The Navy Once Tried to Hunt Down Dorothy Gale’s Secret Gay Army

The Navy Once Tried to Hunt Down Dorothy Gale’s Secret Gay Army

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It’s Memorial Day, so we’re revisiting some of our favorite stories about the military!

You might be familiar with the phrase “friend of Dorothy,” an old slang term for a queer person. Not as many people use the expression these days, but it still pops up on LGBT-friendly ocean cruises.

The expression is widely believed to be a reference to the character played by old-school gay icon Judy Garland in The Wizard of Oz. But the United States military apparently didn’t make the connection.

According to Randy Shilts’ book Conduct Unbecoming: Gays and Lesbians in the U.S. Military, the United States Naval Investigative Service ran an investigation into homosexual activity among service members in the Chicago area during the 1980s. Investigators learned that gay men sometimes called themselves “friends of Dorothy”, and instead of putting two and two together they concluded that there must be a real-life woman named Dorothy commanding an underground gay army right in the center of the Windy City. Of course.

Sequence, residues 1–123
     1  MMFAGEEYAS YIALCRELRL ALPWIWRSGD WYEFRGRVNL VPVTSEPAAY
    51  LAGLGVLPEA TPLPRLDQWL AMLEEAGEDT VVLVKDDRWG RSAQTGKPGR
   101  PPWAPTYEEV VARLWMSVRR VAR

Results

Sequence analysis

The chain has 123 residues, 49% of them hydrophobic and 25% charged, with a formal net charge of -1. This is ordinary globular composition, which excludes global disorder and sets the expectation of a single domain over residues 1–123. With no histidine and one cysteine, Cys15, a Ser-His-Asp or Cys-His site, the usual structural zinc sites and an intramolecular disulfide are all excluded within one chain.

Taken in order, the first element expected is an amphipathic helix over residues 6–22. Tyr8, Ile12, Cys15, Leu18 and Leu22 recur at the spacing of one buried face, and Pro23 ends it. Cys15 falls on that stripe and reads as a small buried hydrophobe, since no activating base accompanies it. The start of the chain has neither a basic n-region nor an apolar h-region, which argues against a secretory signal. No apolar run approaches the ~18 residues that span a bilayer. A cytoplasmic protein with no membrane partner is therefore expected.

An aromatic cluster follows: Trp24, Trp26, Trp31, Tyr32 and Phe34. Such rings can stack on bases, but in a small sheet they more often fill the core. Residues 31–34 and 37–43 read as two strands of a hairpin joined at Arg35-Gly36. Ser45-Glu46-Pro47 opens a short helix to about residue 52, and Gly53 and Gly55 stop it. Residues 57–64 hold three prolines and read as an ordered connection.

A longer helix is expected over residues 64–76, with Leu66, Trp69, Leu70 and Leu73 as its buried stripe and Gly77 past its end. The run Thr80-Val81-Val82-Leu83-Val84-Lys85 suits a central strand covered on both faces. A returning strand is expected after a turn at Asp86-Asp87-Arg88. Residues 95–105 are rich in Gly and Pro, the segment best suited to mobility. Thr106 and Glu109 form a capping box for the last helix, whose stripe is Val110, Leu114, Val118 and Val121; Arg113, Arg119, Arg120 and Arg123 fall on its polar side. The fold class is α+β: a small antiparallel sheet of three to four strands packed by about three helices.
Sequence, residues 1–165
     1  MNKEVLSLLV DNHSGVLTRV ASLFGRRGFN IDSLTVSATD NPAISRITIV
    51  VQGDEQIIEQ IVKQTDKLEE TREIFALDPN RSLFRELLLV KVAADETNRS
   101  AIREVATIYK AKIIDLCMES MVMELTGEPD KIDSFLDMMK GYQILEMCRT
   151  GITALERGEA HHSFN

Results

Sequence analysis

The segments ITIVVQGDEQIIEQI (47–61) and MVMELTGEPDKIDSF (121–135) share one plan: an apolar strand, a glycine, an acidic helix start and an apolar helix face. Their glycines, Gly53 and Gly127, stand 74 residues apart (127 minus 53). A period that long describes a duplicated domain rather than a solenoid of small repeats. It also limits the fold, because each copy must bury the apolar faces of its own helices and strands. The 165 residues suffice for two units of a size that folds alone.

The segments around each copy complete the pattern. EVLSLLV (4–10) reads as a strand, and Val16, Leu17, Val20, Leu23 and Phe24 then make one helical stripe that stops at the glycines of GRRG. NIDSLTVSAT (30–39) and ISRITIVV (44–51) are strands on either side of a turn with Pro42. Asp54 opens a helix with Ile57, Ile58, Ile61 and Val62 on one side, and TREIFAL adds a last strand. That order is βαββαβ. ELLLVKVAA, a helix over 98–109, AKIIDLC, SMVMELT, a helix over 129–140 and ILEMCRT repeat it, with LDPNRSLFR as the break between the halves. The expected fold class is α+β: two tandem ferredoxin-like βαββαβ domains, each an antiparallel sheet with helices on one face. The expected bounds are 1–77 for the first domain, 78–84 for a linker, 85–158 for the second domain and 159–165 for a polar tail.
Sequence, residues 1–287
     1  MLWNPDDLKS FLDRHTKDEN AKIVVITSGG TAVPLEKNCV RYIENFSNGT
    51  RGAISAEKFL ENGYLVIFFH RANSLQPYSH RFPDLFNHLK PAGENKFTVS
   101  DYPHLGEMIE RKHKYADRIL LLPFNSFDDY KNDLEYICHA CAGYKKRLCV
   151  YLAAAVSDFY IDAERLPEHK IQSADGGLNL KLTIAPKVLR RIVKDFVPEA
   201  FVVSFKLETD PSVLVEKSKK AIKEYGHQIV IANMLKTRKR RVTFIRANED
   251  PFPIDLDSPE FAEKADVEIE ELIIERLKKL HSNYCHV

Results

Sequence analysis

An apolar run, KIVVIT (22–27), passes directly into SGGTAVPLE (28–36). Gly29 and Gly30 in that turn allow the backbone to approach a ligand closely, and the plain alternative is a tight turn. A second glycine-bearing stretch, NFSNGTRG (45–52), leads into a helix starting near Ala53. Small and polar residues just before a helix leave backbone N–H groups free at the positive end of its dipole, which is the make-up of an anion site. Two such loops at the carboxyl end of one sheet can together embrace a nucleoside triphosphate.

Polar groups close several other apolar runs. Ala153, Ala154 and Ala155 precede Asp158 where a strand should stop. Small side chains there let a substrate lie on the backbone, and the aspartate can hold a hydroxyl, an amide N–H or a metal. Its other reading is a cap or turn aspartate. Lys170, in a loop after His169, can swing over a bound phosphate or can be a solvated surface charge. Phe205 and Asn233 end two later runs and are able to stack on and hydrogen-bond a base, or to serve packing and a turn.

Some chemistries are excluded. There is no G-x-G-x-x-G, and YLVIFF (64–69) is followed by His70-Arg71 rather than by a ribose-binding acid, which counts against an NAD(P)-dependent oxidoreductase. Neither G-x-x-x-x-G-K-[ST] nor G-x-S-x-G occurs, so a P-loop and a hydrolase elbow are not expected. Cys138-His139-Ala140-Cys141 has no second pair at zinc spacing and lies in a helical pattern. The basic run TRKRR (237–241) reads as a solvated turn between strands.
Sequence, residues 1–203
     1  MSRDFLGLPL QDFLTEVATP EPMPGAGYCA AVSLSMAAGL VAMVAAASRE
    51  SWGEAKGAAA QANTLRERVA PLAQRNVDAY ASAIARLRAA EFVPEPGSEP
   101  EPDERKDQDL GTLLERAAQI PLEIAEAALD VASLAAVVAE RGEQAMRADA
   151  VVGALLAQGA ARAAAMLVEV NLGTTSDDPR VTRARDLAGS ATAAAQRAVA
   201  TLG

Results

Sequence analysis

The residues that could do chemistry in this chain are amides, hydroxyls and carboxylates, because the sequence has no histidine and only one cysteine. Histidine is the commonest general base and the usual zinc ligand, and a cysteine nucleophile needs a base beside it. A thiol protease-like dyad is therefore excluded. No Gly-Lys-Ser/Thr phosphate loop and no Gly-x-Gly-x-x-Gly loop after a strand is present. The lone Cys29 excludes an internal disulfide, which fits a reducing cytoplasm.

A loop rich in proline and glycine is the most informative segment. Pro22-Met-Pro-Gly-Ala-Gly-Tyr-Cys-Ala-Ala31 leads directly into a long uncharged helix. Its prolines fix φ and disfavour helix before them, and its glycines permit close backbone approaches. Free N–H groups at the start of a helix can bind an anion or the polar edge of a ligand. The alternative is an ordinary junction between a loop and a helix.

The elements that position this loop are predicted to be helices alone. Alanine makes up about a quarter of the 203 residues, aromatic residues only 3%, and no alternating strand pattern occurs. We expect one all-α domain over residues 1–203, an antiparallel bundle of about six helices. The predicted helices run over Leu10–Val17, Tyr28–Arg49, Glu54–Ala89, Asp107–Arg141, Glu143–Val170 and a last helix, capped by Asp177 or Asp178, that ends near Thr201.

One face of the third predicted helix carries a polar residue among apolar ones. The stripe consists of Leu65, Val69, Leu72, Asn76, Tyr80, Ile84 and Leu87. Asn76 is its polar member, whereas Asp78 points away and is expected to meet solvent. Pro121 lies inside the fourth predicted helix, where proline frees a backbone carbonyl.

A United States Naval Intelligence Service investigator (left) interrogating Admiral Gale of the Illinois Underground Homosexual Army (right)

The Naval Investigative Service searched far and wide for this shadowy woman to put an end to her mysterious LGBT legion. But alas, there was no one behind the curtain. Maybe they should have just clicked their heels together.

(Article originally published on March 12, 2016)

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